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    6 Replies Latest reply on May 25, 2009 4:56 PM by dublincpa

    Want to purchase established business from father.

    rikoral Newbie
      I have been thinking about approaching my father in regards to purchasing his electrical contracting company. He's going on 61 years of age and has talked about wanting to retire soon. The business has been opertating now for 8 years and in that time we've built a solid reputation as an excellent contractor that stands by its services. I say "we" because I have helped him since startup. I am 32 yrs of age, licensed master electrician and general manager of the company. I've been in this industry all my adult life. I have built a solid management team which is both experienced and formally educated. In a time of financial distress and lack of work we have been able to continue to conduct business as usual. The outlook for our company looks very promising, and we are continually looking for ways to grow our business. We generate $4-5 mil. in annual revenues and are profitable. The problem is that I don't have capital or assests to even make an offer. My father's annual salary is $140K. He does not have a retirement plan. His company is his retirement plan, since he has invested most of his capital into it. It is pretty much all that he owns asides from his home and ranch.

      What are my options for purchase? Do I have any at all? I appreciate any suggestions.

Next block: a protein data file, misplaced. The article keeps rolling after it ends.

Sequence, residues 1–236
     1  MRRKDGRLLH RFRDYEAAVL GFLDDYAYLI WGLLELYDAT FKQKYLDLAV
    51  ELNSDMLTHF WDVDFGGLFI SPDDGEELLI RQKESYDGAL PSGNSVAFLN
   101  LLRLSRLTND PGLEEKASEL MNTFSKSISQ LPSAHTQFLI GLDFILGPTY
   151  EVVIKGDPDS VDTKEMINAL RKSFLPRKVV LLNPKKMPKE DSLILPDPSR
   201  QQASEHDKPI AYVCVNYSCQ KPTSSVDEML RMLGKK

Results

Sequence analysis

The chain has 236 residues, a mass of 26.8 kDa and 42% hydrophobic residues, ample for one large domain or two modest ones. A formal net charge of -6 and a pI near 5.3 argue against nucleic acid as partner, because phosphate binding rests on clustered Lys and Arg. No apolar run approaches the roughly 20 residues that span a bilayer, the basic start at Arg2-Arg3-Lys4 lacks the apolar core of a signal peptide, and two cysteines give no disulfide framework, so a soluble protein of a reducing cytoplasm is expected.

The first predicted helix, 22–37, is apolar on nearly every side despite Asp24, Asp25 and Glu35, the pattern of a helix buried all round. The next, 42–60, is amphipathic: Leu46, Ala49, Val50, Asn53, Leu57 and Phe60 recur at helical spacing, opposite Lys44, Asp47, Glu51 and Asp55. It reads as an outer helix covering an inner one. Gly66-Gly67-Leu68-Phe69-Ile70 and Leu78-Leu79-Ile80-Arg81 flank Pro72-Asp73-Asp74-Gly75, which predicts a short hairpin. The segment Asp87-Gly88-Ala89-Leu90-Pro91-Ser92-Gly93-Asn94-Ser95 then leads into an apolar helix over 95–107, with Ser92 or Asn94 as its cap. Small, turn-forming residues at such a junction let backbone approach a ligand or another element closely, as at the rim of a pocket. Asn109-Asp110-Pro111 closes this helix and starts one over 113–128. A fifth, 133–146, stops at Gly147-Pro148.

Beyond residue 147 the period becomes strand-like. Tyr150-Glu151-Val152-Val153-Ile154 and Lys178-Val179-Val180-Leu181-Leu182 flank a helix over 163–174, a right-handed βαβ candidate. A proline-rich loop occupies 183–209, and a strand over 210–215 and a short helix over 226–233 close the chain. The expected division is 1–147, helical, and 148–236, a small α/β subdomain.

• Re: Want to purchase established business from father.
          LUCKIEST Guide
          Want to purchase established business from father, Welcome

          The key seems to be "communication". Talk to your father, Talk to his lawyer and his accountant.

          Also go to Members page and share some info.
          • Re: Want to purchase established business from father.
            phanio Pioneer
            I would suggest approaching it two ways:

            First, see if your father will offer owner financing. This would essential set the purchase up like an annuity. Although your father would no longer be the owner - you would make monthly payments to him based on the purchase price or enough to provide him the same $140K he was getting. Thus, you can use the business's future revenue to purchase the business from your father. May even be a better method given potential tax liabilities for selling the business outright.

            Second, management buyout - banks love managment buyouts of existing, profitable businesses. There is not much risk to these deals - especailly if being bought by a family member who can still get guidance from the owner.

            Business Money Today
            • Re: Want to purchase established business from father.
              creditmagic Newbie

              We can help you organize a leveraged buyout. This approach will provide your father with the cash and you will end up running and owning the business. Contact us for more information.


              Finance Solutions Of America


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              • Re: Want to purchase established business from father.
                dublincpa Scout
                I will start with LUCKIEST's post as I believe it to be the most important. I would not start with his lawyer and accountant until you have been through things thoroughly with your dad. They may not know what his feelings are. They might interject their own two cents and not be clear about whose opinions they are expressing.